clock menu more-arrow no yes

Filed under:

Eagles @ Cowboys: The Day After, By The Numbers

New, comments

A long look at the stake-in-the-heart that was the Cowboys' sixth consecutive loss. By the numbers, of course.

Ray Carlin-USA TODAY Sports

3: The number of times since October 28, 1990 (when a 3-4 Cowboys team went up against a 2-4 Rich Kotite coached squad) that the Eagles and Cowboys have faced off with each team sporting a losing record. Two of those matchups were in 2012, as a Dallas team hovering just under .500 twice played a Philly team mired in the midst of an eight-game losing streak. The third time was last night.

For a rivalry that has featured snowballs thrown at coaches, revenge games, bounties on kickers, and playoff eliminations, last night's affair marks one of the low points. Much like both games in 2012, we witnessed a mediocre game between two bad teams, one of which still harbored playoff hopes despite being very flawed and another in the midst of a record losing streak. As is usually the case when two bad teams play each other, one team lost the game more then the other team won it. How did the Cowboys manage to lose the game? Let's look at the numbers...

100: Career NFL touchdowns for Matt Cassel, after throwing exactly zero TD passes in four seasons at USC. Surely, no other player in league history comes anywhere near this disparity.

.68: Cassel's second half completion percentage. After a pedestrian first half in which he went 8-14 for 98 yards, with the majority of that on a 51-yard strike to Dez Bryant, Cassel opened it up in the second frame, going 17-25 for 201 yards and two of this three touchdowns. The narrative during the Cowboys Romo-less losing streak has been that the culprit has been close-to-the-vest quarterback play. On Sunday, that was not the case. Cassel compiled a 105.0 quarterback rating, which is typically good enough to win. Since 2007, Dallas quarterbacks have enjoyed a passer rating of 105.0 or better 57 times; 43 of those games resulted in victory, a nice little .754 winning percentage.

11: number of targets for Cole Beasley, who caught nine of them for a career-best 112 yards. After three targets and no receptions in Cassel's first two games, Beasely went from invisible to safety blanket. With the Eagles working to take away Dez Bryant and Jason Witten, often bracketing both men, The Bease enjoyed a lot of single coverage and exploited it for the better part of the night.

5: the number of times this season the Cowboys have responded to an opponent's touchdown with a TD drive of their own. Here they are, in case you were wondering:

Game 1: Giants score to make it 23-13; Cowboys respond with 6-play, 76-yard drive to make it 23-20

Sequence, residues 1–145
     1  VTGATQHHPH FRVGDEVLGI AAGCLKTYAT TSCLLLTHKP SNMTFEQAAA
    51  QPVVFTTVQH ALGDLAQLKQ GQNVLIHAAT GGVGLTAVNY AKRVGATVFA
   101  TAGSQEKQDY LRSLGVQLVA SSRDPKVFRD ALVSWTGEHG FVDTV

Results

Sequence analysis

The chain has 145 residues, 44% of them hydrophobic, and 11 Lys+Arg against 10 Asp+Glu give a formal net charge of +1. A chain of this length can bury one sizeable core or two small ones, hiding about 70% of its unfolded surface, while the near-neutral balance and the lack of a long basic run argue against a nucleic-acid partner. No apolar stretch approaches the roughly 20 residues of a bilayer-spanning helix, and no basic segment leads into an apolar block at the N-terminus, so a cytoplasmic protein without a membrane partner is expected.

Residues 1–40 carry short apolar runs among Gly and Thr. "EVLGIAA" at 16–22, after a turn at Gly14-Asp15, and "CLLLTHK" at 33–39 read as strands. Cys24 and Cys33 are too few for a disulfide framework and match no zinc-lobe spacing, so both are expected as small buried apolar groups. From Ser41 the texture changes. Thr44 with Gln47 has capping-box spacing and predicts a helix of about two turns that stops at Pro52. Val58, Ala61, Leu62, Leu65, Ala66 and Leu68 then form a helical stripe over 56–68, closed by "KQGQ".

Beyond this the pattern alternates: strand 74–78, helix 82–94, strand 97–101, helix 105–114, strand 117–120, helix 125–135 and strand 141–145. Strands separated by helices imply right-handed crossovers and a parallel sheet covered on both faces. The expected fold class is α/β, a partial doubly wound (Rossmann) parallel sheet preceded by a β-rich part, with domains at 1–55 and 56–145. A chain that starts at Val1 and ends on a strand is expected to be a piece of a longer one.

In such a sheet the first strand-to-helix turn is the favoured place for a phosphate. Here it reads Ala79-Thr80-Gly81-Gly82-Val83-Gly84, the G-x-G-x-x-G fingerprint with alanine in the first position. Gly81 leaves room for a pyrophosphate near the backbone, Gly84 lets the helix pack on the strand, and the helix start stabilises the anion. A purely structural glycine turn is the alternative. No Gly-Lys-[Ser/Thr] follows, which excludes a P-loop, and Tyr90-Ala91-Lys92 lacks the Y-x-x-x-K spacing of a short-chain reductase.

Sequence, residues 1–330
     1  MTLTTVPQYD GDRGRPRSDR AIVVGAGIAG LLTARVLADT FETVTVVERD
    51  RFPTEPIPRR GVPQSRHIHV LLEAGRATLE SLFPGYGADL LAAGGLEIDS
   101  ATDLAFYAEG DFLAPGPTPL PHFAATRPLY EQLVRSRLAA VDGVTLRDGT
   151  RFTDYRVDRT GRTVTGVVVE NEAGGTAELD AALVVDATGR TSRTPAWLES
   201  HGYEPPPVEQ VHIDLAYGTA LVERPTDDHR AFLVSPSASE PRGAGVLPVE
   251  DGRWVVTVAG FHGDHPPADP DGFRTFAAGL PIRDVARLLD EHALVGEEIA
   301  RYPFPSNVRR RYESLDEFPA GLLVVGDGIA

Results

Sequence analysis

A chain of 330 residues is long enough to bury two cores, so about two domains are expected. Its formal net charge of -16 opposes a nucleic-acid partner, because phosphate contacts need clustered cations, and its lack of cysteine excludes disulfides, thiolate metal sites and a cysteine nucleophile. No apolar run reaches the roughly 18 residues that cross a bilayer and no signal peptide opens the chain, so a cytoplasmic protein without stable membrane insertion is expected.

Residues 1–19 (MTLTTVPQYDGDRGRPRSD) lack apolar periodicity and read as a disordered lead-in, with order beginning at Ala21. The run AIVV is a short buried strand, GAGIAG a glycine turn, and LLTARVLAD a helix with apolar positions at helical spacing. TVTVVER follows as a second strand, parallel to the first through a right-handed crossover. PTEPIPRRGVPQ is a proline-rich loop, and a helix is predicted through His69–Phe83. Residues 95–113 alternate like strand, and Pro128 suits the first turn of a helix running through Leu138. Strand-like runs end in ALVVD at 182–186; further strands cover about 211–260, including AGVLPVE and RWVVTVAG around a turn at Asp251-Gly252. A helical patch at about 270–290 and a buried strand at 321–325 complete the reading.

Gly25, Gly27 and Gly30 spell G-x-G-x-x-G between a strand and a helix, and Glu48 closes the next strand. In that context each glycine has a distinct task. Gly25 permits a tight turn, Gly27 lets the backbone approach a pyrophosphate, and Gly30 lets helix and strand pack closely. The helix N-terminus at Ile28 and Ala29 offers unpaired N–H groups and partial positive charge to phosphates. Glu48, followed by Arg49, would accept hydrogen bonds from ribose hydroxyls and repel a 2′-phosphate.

Game 3: Falcons score to make it 21-14; Cowboys score on 6-play, 80-yard drive to make it 28-14.
Game 4: Saints score to make it 7-3; Cowboys respond with 10-play, 80-yard drive to make it 10-7

On Sunday night, the Fighting Cassels twice managed this feat, and twice more answered Philadelphia field goal drives by marching to matching field goals. In a season in large part characterized by the offense's inability to respond, the Cowboys offense did a superb job rallying and keeping the team in the game.

2: The number of times in Cowboys history when they have had a 100-yard runner, two 100-yard receivers and a quarterback who has thrown for at least 299 yards. The first time was the 1999 season opener, the thrilling come-from-behind 41-35 overtime winner in which Emmitt Smith ran for 109, Michael Irvin had 122 receiving yards, Rocket Ismail added another 149 (thanks to the 76-yard game-ender) and Troy Aikman threw for a fat 362.

The other was Sunday night, also, strangely, an overtime game. Both Dez and Beasley surpassed the 100-yard mark, Darren McFadden has a workhorseman like 117 yards on the ground and Matt Cassel threw for 299 yards. The difference is that, in 1999, the Cowboys defense was able to coax a punt from the Redskins on the first drive in OT before Aikman and Co. uncorked their game-winning drive (which was a 95-yarder).

And this brings us to the real story of last night's game (and, increasingly, of the season): the defense. Let's take a look...

5: The number of Philadelphia possessions after Sean Lee went down on the first defensive play of second half. Here's what happened on those five drives:

-7 plays, 95 yards (TD)
-3 plays, no yards
-10 plays, 63 yards (FG)
-6 plays, 45 yards (FG)
-9 plays, 80 yards (TD)

This is an all-too-familiar history. In 2013, after Lee was injured on the first play of the Saints' second drive, the Saints remaining eight possessions resulted in six touchdowns, a missed field goal and a kneel down to end the game. Later in the season, after being limited to 120 first-half yards, the Packers scored on all five of their second half drives (save a final kneel-down series) after MLBs Justin Durant and Ernie Sims were injured at the end of the first half.

In both examples, the Cowboy defense utterly collapsed after losing their starting middle linebacker mid-game. And that's why the Cowboys drafted Anthony Hitchens in the 2014 draft's fourth round. Coming into the draft, Hitchens was highly respected for his work ethic, makeup and overall approach; he is a guy capable of steadying the defense in the (likely) event that Lee gets dinged and has to leave the game. But the fact the he, too, was hurt, opened the proverbial floodgates, much as it did on two notable, horrible, forgettable occasions in 2013.